<asp:Label ID="Label3" runat="server" Font-Bold="False" Font-Size="Small" ForeColor="#3333FF"
            style="z-index: 1; left: 40px; top: 159px; position: absolute" Text="Minimum price:"></asp:Label>
        <asp:Label ID="Label4" runat="server" Font-Bold="False" Font-Size="Small" ForeColor="#3333FF"
            style="z-index: 1; left: 331px; top: 162px; position: absolute" Text="Maximum price:"></asp:Label>
        <asp:TextBox ID="TextBoxMin" runat="server" ForeColor="#3333FF"
            style="z-index: 1; left: 140px; top: 158px; position: absolute"></asp:TextBox>
        <asp:TextBox ID="TextBoxMax" runat="server" ForeColor="#3333FF"
            style="z-index: 1; left: 430px; top: 159px; position: absolute"></asp:TextBox>
        <asp:Button ID="Button1" runat="server" Font-Bold="True" ForeColor="Blue"
            style="z-index: 1; left: 637px; top: 159px; position: absolute" Text="List Matches" />
        <asp:Label ID="LabelParts" runat="server" Font-Bold="False" Font-Size="Medium" ForeColor="#3333FF"
            style="z-index: 1; left: 43px; top: 263px; position: absolute" Text="Selected parts:"
        <asp:GridView ID="GridView1" runat="server" CellPadding="4" ForeColor="#333333" GridLines="None"
            style="z-index: 1; left: 41px; top: 296px; position: absolute; height: 133px; width: 611px"
            <AlternatingRowStyle BackColor="White" />
            <EditRowStyle BackColor="#2461BF" />
            <FooterStyle BackColor="#507CD1" Font-Bold="True" ForeColor="White" />
            <HeaderStyle BackColor="#507CD1" Font-Bold="True" ForeColor="White" />
            <PagerStyle BackColor="#2461BF" ForeColor="White" HorizontalAlign="Center" />
            <RowStyle BackColor="#EFF3FB" />
            <SelectedRowStyle BackColor="#D1DDF1" Font-Bold="True" ForeColor="#333333" />
            <SortedAscendingCellStyle BackColor="#F5F7FB" />
            <SortedAscendingHeaderStyle BackColor="#6D95E1" />
            <SortedDescendingCellStyle BackColor="#E9EBEF" />
            <SortedDescendingHeaderStyle BackColor="#4870BE" />
        <asp:RequiredFieldValidator ID="RequiredFieldValidatorMin" runat="server" ControlToValidate="TextBoxMin"
            ErrorMessage="Min needed" ForeColor="#CC3300" style="z-index: 1; left: 42px; top: 199px;
            position: absolute"></asp:RequiredFieldValidator>
        <asp:RequiredFieldValidator ID="RequiredFieldValidatorMax" runat="server" ControlToValidate="TextBoxMax"
            ErrorMessage="Max needed" ForeColor="#CC3300" style="z-index: 1; left: 335px; top: 199px;
            position: absolute">
        <asp:RangeValidator ID="RangeValidatorMin" runat="server" ControlToValidate="TextBoxMin"
            ErrorMessage="Must be 0 to 800" ForeColor="#CC3300" MaximumValue="800" MinimumValue="0"
            style="z-index: 1; left: 141px; top: 199px; position: absolute; right: 701px" Type="Double">
        <asp:RangeValidator ID="RangeValidatorMax" runat="server" ControlToValidate="TextBoxMax"
            ErrorMessage="Must be 0 to 800" ForeColor="#CC3300" MaximumValue="800" MinimumValue="0"
            style="z-index: 1; left: 434px; top: 199px; position: absolute; right: 408px" Type="Double">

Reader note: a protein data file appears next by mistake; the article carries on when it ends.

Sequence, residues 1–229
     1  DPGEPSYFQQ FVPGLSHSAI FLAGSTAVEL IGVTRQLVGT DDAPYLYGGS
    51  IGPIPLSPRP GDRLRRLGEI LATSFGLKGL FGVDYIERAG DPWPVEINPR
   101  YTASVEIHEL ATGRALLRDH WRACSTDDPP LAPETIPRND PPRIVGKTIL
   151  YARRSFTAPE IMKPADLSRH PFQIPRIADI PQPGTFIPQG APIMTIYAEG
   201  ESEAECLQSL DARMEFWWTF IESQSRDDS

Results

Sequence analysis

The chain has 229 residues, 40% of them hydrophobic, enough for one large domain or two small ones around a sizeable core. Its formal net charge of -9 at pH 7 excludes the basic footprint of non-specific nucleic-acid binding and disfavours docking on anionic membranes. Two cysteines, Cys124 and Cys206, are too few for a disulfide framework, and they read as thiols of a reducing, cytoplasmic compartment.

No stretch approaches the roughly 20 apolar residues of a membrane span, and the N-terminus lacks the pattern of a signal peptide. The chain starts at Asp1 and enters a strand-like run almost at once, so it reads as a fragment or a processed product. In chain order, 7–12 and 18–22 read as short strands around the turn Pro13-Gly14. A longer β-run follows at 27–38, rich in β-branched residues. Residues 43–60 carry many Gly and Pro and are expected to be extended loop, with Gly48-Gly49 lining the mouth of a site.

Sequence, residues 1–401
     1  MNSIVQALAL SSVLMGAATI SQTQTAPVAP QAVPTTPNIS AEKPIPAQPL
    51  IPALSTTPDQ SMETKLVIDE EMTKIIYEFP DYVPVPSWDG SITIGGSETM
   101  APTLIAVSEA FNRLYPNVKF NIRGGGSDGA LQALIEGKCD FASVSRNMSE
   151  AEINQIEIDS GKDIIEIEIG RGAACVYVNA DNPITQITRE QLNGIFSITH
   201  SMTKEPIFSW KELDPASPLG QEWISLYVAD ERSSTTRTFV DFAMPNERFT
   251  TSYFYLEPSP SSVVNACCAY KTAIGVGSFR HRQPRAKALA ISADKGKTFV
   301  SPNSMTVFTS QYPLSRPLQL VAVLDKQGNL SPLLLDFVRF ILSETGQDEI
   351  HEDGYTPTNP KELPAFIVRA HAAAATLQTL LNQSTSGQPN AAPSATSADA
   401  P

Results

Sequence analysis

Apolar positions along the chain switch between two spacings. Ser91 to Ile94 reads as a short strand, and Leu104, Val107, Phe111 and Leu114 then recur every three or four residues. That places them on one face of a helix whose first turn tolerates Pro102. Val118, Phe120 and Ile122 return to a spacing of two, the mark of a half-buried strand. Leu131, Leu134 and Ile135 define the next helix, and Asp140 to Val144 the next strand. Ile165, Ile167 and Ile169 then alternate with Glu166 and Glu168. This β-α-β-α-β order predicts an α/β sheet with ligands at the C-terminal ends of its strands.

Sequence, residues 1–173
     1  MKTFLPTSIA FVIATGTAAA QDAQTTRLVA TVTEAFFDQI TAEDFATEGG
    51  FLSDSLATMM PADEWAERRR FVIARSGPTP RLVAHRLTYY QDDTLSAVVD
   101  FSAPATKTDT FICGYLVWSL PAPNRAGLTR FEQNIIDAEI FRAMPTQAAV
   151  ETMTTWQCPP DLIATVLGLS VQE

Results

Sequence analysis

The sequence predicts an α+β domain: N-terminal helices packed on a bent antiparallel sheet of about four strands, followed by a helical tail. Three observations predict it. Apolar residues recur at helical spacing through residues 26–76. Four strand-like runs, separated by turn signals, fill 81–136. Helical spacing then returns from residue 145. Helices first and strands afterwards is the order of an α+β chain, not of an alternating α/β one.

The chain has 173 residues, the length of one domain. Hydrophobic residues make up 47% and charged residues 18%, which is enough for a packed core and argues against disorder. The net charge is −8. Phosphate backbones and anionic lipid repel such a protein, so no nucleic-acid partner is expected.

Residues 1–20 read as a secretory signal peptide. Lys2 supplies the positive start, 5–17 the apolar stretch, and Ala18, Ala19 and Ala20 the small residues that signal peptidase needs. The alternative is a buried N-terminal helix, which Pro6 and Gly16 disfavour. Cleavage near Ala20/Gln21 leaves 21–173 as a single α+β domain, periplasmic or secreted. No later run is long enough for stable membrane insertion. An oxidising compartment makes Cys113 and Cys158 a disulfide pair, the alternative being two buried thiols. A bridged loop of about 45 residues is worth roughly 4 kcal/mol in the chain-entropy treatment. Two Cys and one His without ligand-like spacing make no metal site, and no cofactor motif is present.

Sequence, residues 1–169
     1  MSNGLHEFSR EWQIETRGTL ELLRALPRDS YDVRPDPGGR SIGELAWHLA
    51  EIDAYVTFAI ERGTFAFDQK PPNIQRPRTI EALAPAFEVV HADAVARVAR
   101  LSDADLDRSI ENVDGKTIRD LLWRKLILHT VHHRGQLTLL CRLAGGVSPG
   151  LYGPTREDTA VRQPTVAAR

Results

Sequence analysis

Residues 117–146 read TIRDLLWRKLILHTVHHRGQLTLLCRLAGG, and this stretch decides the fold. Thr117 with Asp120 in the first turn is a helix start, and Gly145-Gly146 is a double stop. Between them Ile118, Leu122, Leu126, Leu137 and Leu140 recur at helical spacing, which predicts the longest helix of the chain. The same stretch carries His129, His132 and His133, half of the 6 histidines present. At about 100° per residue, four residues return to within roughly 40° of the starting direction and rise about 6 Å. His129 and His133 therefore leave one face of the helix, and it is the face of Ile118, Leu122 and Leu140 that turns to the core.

<asp:CompareValidator ID="CompareValidatorMin" runat="server" ControlToValidate="TextBoxMin"
            ErrorMessage="Must use currency" ForeColor="#CC3300"
            style="z-index: 1; left: 40px; top: 231px; position: absolute"
            Operator="DataTypeCheck" Type="Currency"></asp:CompareValidator>
        <asp:CompareValidator ID="CompareValidatorMax" runat="server" ControlToValidate="TextBoxMax"
            ErrorMessage="Must use currency" ForeColor="#CC3300"
            style="z-index: 1; top: 231px; position: absolute; left: 336px"
            Operator="DataTypeCheck" Type="Currency"></asp:CompareValidator>
        <asp:Label ID="LabelError" runat="server" Font-Bold="False" Font-Size="Medium" ForeColor="#CC3300"
            style="z-index: 1; left: 566px; top: 231px; position: absolute" Text="Error in connecting to database"

Getting the Data from the Database

Entity Framework

  • IMPORTANT: If you have your web.config file open in Visual Studio, close it. In the following steps Visual Studio will try to store another type of connection string, referred to as "entity connection settings" in your web.config file. You must not have your web.config file open for this to succeed.
  • Right click the App_Code folder in Solution Explorer. Select Add, ADO.NET Entity Data Model. When asked to name the model, call it PartsModel and click OK.
  • At the next screen you are asked what the model should contain. Select "Generate from database" or "EF Designer from Database" (depending on your version of Visual Studio) and click Next.
  • The next window has you choose your connection to the database. In the pull-down box, choose your webappConnectionString (or whatever you named the connnection that uses SQL Server authentication in order to connect to your database. Select the radio button labeled "Yes, include the sensitive data in the connection string". Also choose to save the entity connection settings. The default name of carlsondEntities (or whatever username appended to Entitites) should be fine. Then click Next.